January 7, 2014
Posted in: Recipes

Epistle to the Thistle

By: Kathryn Dwyer, Culinary Arts Student

Epistle to the Thistle 1A surprising fact I learned when I moved to Colorado from California to attend Auguste Escoffer School of Culinary Arts was how few people were familiar with or enjoyed my favorite vegetable, the artichoke. One of the most regal, ancient vegetables, artichokes now have a bit of a reputation – difficult and time consuming to prepare, expensive and very seasonal, some of my classmates complained about how little of it you can actually eat…they are something of a hassle. Unfortunately, I don’t know if many of my classmates turned into artichoke appreciators like me during our program, but hopefully I can tempt them (and you!) into fandom with one of my favorite ingredients, frozen artichoke hearts.

Frozen artichoke hearts are conveniently free from many of the time-consuming aspects of using fresh artichokes, they are cleaned, trimmed and cook very quickly. In the culinary program and especially during the farm-to-table experience the focus is on seasonal cooking, but in the winter months here in Colorado there are fewer options for fresh, local ingredients. A good alternative is organically grown frozen produce. Frozen fruits and vegetables are picked when they are ripe then flash frozen, preserving the nutritional value that can be lost in fresh out-of-season vegetables that are picked under ripe, then shipped long distances. If possible, find artichoke hearts individually frozen rather than in a block of ice; they thaw quickly and easily and do not give off excessive moisture like some frozen vegetables.

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Stocked in your freezer, frozen artichoke hearts are incredibly versatile and useful. Flavors that naturally compliment artichokes range from rich cream and butter to bright lemon and garlic, they are enhanced by slow caramelization or robust roasting, red pepper heat to sweet Marsala glaze. A favorite artichoke dish that I made for my family over the holidays (but can certainly be made year round!) is artichoke and ricotta stuffed shells. With a touch of brown butter and caramelized onion to enhance the earthy artichokes in the filling, the pasta shells are covered luscious lemon and garlic béchamel, resulting in a dish both delicate and decadent.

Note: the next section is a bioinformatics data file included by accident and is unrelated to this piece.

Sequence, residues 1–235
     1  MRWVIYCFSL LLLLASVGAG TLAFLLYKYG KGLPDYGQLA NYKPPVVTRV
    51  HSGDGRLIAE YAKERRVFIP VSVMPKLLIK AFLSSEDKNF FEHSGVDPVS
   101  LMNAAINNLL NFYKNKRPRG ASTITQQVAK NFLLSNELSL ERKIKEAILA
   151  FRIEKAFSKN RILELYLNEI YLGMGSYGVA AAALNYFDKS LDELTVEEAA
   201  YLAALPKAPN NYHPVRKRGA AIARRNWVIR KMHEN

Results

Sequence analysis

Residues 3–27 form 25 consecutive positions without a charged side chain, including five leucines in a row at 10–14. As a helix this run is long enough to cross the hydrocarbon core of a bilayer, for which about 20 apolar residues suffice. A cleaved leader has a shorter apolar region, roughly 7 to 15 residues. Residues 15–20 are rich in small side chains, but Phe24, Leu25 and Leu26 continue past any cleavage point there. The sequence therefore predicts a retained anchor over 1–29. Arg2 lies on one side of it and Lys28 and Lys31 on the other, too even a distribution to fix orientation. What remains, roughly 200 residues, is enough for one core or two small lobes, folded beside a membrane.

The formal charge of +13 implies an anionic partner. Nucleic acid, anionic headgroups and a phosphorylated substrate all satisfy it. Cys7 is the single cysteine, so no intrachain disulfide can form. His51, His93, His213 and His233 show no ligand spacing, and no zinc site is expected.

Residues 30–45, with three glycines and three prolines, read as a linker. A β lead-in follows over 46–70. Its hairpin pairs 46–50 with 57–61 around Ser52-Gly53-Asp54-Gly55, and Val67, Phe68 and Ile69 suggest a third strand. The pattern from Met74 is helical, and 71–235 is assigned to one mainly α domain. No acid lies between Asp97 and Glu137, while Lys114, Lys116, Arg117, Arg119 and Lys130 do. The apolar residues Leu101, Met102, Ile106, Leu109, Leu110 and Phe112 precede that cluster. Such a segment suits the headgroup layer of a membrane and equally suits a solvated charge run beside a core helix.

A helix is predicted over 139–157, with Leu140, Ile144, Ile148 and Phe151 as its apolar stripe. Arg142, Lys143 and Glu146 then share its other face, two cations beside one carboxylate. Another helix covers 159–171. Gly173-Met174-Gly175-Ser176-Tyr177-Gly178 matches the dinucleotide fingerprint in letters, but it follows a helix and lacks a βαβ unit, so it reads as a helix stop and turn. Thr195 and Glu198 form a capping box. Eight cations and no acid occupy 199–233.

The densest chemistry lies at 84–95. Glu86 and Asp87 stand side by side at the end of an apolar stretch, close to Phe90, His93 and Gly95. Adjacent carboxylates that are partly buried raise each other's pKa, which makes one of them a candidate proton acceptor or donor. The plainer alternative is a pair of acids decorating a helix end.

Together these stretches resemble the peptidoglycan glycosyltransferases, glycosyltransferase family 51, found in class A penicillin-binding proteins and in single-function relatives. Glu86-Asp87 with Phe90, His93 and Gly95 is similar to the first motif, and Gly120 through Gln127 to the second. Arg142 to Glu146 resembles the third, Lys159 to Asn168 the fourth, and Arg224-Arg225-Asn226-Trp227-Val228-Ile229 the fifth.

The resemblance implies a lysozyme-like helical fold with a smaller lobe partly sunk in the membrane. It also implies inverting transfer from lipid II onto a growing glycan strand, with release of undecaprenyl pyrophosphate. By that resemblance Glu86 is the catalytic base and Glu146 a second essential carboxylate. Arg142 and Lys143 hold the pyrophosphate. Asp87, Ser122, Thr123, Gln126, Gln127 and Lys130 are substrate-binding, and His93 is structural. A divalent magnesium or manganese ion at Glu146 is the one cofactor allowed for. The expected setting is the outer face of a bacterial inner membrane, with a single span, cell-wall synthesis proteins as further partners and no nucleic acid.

With artichokes no longer restricted to the spring season because of the convenience and quality of frozen artichokes hearts, hopefully this humble thistle will make its way into your meals more often. Artichoke hearts compliment and enhance many dishes with their understated flavor and creamy texture and frozen artichoke hearts are a great option, both for their preserved nutritional value and convenience in use. Here is hoping your New Year is filled with friends and family, good food and (artichoke) heart.

Artichoke and Ricotta Stuffed Shells
Inspired by The Smitten Kitchen Cookbook

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Yield: 6 main course servings, 12 side dish servings

For the shells:
24 jumbo pasta shells
3 Tbs butter
2 Tbs olive oil – divided
1 medium onion – small dice
2 (medium sized) leeks – small dice
2 garlic cloves – minced
12 oz frozen artichoke hearts – thawed and dried
1 Tbs fresh thyme
1/3 cup dry white wine
1/2 cup grated Parmesan cheese
2 egg yolks
2 Tbs lemon juice
¾ tsp salt
fresh ground black pepper to taste
8 oz ricotta cheese
1 Tbs fresh parsley – chopped

For the Sauce:
1/3 cup butter (4 Tbs)
1/3 cup all-purpose flour
1 garlic clove – minced
3 cups whole milk
1/2 cup Parmesan cheese
2 Tbs lemon juice
2 tsp lemon zest
1/2 tsp salt
freshly ground black pepper to taste
2 Tbs fresh parsley – chopped

Directions:

1. Cook the shells according to package directions – be sure to cook al dente. Drain and toss with 1 Tbs olive oil to prevent sticking.
2. To make filling: Melt butter in saucepan – continue to let butter brown until the milk solids begin to caramelize, do not burn! Add 1 Tbs olive oil, onions and leeks, cook until very soft and lightly brown. Add garlic and thyme and cook for 1 minute, add artichoke hearts and cook until softened – about 6 minutes. Add wine and cook au sec (until it disappears). Remove from heat and let cool about 30 minutes.
3. In the bowl of a food processor, add onion/artichoke mixture, egg yolks, Parmesan cheese, lemon juice, salt and pepper and pulse in food processor until finely chopped but some texture remains.
4. Mix in ricotta and parsley and taste for salt and pepper/lemon. Adjust as needed. Scoop about 2 Tbs filling into each cooked pasta shell, they should be full but able to almost close around the filling.
5. To make sauce: Melt butter in a saucepan, add garlic and cook until fragrant, then add flour to make blonde roux. Add half the milk in small increments, whisking to remove all lumps, once half the milk is incorporated, the rest can be whisked in. Bring to a boil and reduce to simmer and cook until béchamel is thickened. Add Parmesan cheese, lemon juice and zest, salt and pepper. Taste and adjust seasonings.
6. Preheat oven to 350 degrees. Pour 1½ cups sauce into bottom of 9×13 baking dish, arrange filled pasta shells seam up. Spread remaining sauce over top of shells and cover with aluminum foil (dish can be prepared to this step and held in refrigerator overnight).
7. Bake at 350 for 30 minutes, remove the foil and bake another 15 minutes until bubbly and lightly browned. Sprinkle with parsley and serve immediately.